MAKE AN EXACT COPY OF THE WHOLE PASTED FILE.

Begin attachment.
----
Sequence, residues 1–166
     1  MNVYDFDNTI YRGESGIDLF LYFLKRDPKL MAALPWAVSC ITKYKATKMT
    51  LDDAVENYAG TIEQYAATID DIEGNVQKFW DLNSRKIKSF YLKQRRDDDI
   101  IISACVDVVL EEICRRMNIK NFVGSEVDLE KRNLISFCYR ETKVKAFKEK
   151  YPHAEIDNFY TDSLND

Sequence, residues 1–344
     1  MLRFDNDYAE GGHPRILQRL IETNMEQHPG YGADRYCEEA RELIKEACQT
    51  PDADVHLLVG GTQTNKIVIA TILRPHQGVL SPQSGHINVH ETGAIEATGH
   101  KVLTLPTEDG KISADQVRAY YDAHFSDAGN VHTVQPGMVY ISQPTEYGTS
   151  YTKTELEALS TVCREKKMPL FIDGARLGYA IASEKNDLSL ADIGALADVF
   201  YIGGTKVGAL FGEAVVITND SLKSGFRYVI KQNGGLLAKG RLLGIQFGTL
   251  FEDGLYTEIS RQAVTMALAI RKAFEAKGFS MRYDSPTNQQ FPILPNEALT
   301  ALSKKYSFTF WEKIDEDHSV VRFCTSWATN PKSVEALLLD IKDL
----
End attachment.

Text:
Sequence, residues 1–166
     1  MNVYDFDNTI YRGESGIDLF LYFLKRDPKL MAALPWAVSC ITKYKATKMT
    51  LDDAVENYAG TIEQYAATID DIEGNVQKFW DLNSRKIKSF YLKQRRDDDI
   101  IISACVDVVL EEICRRMNIK NFVGSEVDLE KRNLISFCYR ETKVKAFKEK
   151  YPHAEIDNFY TDSLND

Sequence, residues 1–344
     1  MLRFDNDYAE GGHPRILQRL IETNMEQHPG YGADRYCEEA RELIKEACQT
    51  PDADVHLLVG GTQTNKIVIA TILRPHQGVL SPQSGHINVH ETGAIEATGH
   101  KVLTLPTEDG KISADQVRAY YDAHFSDAGN VHTVQPGMVY ISQPTEYGTS
   151  YTKTELEALS TVCREKKMPL FIDGARLGYA IASEKNDLSL ADIGALADVF
   201  YIGGTKVGAL FGEAVVITND SLKSGFRYVI KQNGGLLAKG RLLGIQFGTL
   251  FEDGLYTEIS RQAVTMALAI RKAFEAKGFS MRYDSPTNQQ FPILPNEALT
   301  ALSKKYSFTF WEKIDEDHSV VRFCTSWATN PKSVEALLLD IKDL